With the third Annual Open Government Partnership Summit fast approaching, current OGP member countries are in the process of developing their second Action Plans and future members are developing their initial commitments. In this light, we wondered how member governments are doing in relation to one of the focus governance areas of the OGP — fiscal transparency — and what they can do to improve. One of the most important functions of government is to manage public funds to provide critical services and otherwise meet the needs of its people. To best ensure effective fiscal management, the International Budget Partnership (IBP) — and a growing body of evidence — argues that governments should provide citizens with complete and timely information throughout the budget cycle and meaningful opportunities to participate in budget decision making and oversight. Recognizing the importance of open and accountable budgeting, the OGP requires governments that wish to be part of the initiative to release two critical budget reports: the Executive’s Budget Proposal and the Audit Report. And, several OGP member countries have included fiscal transparency reforms in their OGP commitments.

So, how transparent are OGP countries’ budgets?

In January 2013 the IBP released the Open Budget Survey 2012 (OBS), the only independent, comparative, and regular measure of budget transparency, participation, and accountability around the world. The OBS 2012 covered 100 countries, including 36 OGP member countries and future member countries that are developing their commitments (the analysis and recommendations that follow include all 36). The Open Budget Index (OBI) is calculated from a subset of OBS questions that measure the information that governments make publicly available in eight key budget reports that should be released throughout the budget process. The OBI assigns a transparency score that ranges from 0-100 for each country surveyed. The average OBI 2012 score for OGP member countries is 59 —higher than both the overall average score of 43 and the non-OGP country average score of 34. Countries that earn a score of 61 or higher are considered to provide significant budget information to citizens and civil society organizations, which enables them to effectively monitor and hold their governments to account for raising and spending public funds. In 2012 only 23 of the 100 countries in the OBS earned such scores, including 15 OGP countries. While this result is encouraging, there are still 18 OGP members that provide only some (OBI scores from 41 to 60) budget information and, most disturbing, Dominican Republic, Macedonia and Trinidad and Tobago provide only minimal information (OBI scores of 21 to 40). This means that citizens don’t have a full picture of what their governments have committed to spend public funds on or what has actually been spent, and how.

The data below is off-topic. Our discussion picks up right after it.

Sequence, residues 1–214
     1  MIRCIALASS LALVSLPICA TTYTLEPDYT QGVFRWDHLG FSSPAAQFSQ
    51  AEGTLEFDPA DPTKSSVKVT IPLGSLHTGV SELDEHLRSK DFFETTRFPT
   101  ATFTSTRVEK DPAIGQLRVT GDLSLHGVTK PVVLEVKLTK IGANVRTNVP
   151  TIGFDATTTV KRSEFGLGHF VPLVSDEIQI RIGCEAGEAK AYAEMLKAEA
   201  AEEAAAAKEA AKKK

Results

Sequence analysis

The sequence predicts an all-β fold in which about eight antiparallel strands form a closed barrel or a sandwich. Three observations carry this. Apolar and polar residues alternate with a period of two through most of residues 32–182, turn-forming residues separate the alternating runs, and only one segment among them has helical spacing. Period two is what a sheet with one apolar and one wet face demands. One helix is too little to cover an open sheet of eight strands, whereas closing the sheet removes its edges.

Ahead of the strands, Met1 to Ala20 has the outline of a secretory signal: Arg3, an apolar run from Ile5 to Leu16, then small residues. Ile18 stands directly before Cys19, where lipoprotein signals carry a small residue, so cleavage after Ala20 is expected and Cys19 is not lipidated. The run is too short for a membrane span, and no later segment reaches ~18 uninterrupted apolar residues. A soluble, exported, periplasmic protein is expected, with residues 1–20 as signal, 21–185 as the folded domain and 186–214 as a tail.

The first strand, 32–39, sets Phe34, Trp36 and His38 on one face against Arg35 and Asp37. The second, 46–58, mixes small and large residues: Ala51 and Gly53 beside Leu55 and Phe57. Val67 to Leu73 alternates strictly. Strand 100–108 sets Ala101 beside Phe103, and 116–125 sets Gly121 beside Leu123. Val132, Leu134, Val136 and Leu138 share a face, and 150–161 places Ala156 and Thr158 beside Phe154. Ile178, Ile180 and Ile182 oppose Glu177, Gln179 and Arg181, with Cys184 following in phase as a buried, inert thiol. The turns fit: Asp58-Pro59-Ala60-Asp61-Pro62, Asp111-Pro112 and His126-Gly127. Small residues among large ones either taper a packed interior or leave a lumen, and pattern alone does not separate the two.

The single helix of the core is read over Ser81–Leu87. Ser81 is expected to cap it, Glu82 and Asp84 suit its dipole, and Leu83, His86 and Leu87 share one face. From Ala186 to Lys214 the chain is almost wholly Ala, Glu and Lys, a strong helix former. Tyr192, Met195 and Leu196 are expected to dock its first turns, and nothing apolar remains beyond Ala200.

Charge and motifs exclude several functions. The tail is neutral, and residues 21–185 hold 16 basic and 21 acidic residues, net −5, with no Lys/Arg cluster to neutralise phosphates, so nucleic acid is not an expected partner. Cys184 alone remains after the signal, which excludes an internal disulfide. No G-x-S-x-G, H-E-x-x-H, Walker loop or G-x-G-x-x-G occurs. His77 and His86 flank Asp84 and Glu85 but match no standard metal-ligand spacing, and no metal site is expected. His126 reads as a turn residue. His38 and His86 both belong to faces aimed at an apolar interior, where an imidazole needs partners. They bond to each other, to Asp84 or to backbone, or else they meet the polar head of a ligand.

OGP (and Prospective)Member Countries
Country

OBI 2010 score

OBI 2012 score

Albania

33

47

Argentina

56

50

Azerbaijan

43

42

Brazil

71

73

Bulgaria

56

65

Chile

72

66

Colombia

61

58

Costa Rica

47

50

Croatia

57

61

Czech Republic

62

75

Dominican Republic

14

29

El Salvador

37

43

Georgia

55

55

Guatemala

50

51

Honduras

11

53

Indonesia

51

62

Italy

58

60

Jordan

50

57

Kenya

49

49

Macedonia

49

35

Mexico

52

61

Norway

83

83

Peru

65

57

Philippines

55

48

Romania

59

47

Slovakia

57

67

South Africa

92

90

South Korea

71

75

Spain

63

63

Sweden

83

84

Tanzania

45

47

Trinidad and Tobago

33

38

Turkey

57

50

Ukraine

62

54

United Kingdom

87

88

United States

82

79

 Are OGP countries improving?